### 3.1. A compact formulation

For all , let us introduce the linear operator defined by

 (3.1) L[V––,∂]V={c(q–)∂tq+∂xud[V––]∂tu+lq for all V=(q,u)T,

so that an equivalent formulation of the equation (2.6) is given by the following lemma.

###### Lemme 3.

If is a smooth solution to (2.6), then it also solves

 (3.2) L[V,∂]V=S(V,X1V,X2V)

with, writing ,

 (3.3) S(V,V1,V2)=⎛⎜ ⎜⎝0−B′(φ)−μl[−43qX2uq1+qu2B′′(φ)]−B′(φ)−−μX2uq1B′(φ)+μu2B′(φ)B′′(φ)⎞⎟ ⎟⎠.
###### Proof.

One obtains directly that solves (3.2) with given by

 S(V,X1V,X2V)=(0,−B′(φ)−μq1(V))T

and as defined in (2.10). In order to put it under the form given in the statement of the lemma, one just needs to use the first equation of (2.6) to rewrite under the form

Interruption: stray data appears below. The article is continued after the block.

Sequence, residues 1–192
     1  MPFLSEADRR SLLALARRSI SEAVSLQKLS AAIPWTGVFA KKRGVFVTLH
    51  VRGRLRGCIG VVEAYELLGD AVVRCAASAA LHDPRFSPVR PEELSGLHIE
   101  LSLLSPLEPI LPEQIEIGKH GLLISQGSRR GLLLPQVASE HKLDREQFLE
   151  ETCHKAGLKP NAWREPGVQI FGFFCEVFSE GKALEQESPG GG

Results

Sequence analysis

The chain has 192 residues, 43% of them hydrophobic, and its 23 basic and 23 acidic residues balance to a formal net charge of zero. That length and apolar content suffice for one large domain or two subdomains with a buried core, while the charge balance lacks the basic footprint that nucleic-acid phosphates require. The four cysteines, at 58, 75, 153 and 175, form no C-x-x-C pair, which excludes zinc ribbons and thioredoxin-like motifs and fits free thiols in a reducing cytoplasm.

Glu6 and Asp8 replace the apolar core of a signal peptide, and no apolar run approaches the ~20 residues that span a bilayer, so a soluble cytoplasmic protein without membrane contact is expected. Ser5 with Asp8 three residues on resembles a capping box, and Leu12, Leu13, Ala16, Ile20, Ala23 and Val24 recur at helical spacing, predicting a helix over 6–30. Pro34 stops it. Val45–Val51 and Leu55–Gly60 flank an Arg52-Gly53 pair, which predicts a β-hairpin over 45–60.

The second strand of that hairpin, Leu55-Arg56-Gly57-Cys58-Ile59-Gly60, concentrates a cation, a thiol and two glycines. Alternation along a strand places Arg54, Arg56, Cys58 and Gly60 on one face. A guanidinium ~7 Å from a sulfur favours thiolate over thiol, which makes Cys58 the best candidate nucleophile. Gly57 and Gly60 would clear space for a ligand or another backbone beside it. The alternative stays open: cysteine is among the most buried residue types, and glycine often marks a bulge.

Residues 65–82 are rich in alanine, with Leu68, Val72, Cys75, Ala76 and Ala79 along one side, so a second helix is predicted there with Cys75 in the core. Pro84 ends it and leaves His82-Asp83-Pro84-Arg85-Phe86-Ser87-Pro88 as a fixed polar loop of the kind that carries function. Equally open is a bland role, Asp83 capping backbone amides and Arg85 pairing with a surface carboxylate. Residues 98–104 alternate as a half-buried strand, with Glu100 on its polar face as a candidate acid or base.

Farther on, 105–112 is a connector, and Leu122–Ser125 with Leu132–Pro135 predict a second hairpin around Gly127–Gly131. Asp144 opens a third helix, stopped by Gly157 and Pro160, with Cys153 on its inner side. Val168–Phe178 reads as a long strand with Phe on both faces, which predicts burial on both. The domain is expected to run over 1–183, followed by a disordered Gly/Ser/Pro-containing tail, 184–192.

(3.4) q1=l[−43qX2uX1q+quX1B′]−X2uX1qB′+uB′X1B′.

### 3.2. Linearization

As explained above, we want to quasilinearize (3.2), by writing the evolution equations satisfied by and (). We therefore apply the vector fields and to the two equations of (3.2). For the first equation, we have the following lemma, whose proof is straightforward and omitted.

###### Lemme 4.

If is a smooth enough solution to (2.6), then one has, for ,

 c∂tXmq+∂xXmu=F(m)(q,X1q,X2q).

with

 F(m)(q,q1,q2)=−c′(q)q1qm−c(q)Xmh0h0q1.

For the second equation, the following lemma holds. The important thing here is that the term cannot be absorbed in the right-hand-side. As explained in Remark 7 below, this terms makes the problem fully nonlinear.

###### Lemme 5.

If is a smooth enough solution to (2.6), then one has, for ,

 Missing or unrecognized delimiter for \big

with and

 a(u)=X1(uB′) and g(m)j=G(m)j(V,X1V,X2V)(j=1,2),